Every Friday, I feature something written by one of my fellow bloggers at Patheos, a web portal devoted to religion and spirituality, or by another blogger/writer whose work I admire. This week I am discussing Christian Piatt’s new memoir as part of a book club discussion hosted by Patheos.
Our recent trip south for my mother-in-law’s funeral reinforced something I know all too well but prefer to ignore most of the time: My children’s genetic legacy includes a fair amount of darkness. Substance abuse. Depression. Suicide.
I do not say this to trash my husband’s family. On the contrary, our time in North Carolina for Ruby’s funeral was a testament to both her survival through 88 years of hard living, and to the beautiful, intelligent, hard-working children, grandchildren, and extended family who gathered to remember her.
But there are a few too many holes in the family tree to overlook the probability that buried somewhere in the genes that my husband passed on to our children are some poorly understood propensities toward self-destructive behavior.
We have coped with a fair amount of physical illness, my own and my oldest daughter’s, as she and I have navigated life with fragile bones that snap and shatter far too easily. I have said that I hate OI (osteogenesis imperfecta, our shared genetic bone disorder). And I do. I hate it. I used to hate it for what it has done to me and my body. Now I hate it even more for what it has done to my beautiful daughter—to her body, but even more so, to her spirit.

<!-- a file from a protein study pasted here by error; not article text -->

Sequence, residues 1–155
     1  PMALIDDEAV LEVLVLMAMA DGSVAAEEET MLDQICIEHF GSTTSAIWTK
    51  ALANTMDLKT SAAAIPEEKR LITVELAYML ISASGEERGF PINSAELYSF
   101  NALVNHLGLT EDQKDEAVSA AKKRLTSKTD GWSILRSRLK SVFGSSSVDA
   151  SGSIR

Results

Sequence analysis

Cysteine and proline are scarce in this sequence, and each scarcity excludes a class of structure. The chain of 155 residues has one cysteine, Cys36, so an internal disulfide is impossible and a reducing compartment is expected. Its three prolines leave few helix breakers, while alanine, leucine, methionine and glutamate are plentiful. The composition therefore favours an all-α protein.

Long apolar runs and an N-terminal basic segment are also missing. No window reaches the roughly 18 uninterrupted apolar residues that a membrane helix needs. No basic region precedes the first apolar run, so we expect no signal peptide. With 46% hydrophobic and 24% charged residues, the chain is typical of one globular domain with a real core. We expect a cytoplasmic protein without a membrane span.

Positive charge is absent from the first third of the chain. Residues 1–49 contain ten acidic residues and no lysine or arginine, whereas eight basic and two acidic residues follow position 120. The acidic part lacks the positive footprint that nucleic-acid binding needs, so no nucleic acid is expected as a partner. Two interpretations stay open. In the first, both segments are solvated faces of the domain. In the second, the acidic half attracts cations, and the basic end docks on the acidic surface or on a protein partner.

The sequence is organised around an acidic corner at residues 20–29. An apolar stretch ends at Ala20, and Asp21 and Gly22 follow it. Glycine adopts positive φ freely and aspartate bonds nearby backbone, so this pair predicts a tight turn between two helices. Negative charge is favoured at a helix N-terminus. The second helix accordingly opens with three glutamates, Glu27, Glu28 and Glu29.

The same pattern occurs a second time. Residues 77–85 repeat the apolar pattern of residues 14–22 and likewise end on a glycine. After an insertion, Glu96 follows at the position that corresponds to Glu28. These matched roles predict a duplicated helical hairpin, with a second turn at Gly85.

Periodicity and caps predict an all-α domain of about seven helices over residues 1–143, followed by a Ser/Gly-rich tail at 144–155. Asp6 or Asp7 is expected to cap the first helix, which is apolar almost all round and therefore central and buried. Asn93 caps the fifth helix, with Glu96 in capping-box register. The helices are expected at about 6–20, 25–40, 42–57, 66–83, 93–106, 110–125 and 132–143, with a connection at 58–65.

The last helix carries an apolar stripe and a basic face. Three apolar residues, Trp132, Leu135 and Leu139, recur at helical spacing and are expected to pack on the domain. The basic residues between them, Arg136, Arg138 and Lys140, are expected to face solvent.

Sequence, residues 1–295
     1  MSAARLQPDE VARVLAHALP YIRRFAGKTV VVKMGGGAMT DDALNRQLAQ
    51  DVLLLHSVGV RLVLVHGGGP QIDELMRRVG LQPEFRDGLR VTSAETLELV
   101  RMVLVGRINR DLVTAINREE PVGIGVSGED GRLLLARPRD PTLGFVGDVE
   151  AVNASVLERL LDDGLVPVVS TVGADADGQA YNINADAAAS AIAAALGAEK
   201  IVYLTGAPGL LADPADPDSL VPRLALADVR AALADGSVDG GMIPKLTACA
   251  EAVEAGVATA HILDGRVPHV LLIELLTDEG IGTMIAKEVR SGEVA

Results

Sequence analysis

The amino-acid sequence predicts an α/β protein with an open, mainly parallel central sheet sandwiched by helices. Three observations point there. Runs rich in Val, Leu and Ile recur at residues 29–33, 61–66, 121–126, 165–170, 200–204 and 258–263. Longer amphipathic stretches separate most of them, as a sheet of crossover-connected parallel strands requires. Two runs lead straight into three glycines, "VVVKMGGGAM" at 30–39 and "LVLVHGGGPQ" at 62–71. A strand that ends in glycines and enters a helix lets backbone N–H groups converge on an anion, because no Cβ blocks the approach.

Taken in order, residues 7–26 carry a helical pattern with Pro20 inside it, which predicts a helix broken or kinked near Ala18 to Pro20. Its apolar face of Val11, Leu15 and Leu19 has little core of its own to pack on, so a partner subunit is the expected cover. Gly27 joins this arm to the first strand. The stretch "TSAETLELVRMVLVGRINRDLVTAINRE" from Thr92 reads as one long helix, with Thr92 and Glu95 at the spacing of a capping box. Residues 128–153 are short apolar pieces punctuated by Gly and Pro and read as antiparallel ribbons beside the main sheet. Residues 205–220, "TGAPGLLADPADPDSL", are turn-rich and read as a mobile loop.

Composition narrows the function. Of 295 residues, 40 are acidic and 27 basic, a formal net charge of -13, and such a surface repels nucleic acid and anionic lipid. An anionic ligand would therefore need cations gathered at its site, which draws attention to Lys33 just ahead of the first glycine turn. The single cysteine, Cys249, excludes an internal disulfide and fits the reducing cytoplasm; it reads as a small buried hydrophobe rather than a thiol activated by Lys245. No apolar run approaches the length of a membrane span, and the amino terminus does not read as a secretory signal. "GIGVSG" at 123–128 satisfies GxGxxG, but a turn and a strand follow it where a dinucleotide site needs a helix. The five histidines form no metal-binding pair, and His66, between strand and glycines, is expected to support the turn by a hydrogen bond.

Having witnessed the spirit-crushing effects of a physical malady, I am certain that witnessing one of my children being tormented by a mental or psychological disorder—the sort of thing that is all about crushing one’s spirit—would be harder than caring for them through physical illness.
This realization is bizarre to me, given that when Daniel and I chose to make our genetic legacy a factor in our childbearing decisions, we focused solely on my genetic legacy—the one that makes bones break. As I wrote in No Easy Choice:
The ability to match certain problems to certain genes tempts us to forget that all human lives are subject to risks, known and unknown. My family history and Daniel’s are great examples. My OI mutation was easy to target because it was known, it had predictable effects, and the physical ramifications of passing the mutation on were clear: Our child would break lots of bones. Daniel, coming from a family with a significant history of substance abuse and depression, as well as diabetes, brought plenty of genetic risk to our childbearing, but we didn’t focus on those risks because, compared with OI, they are less understood, less precise, and less likely to affect our children when they are young.
We focused on my genetic legacy because we could. But our children remain vulnerable even though their risk of inheriting my OI has come and gone. And the soul sicknesses that could afflict them are, to me, far more frightening than physical maladies that have clear causes and treatments.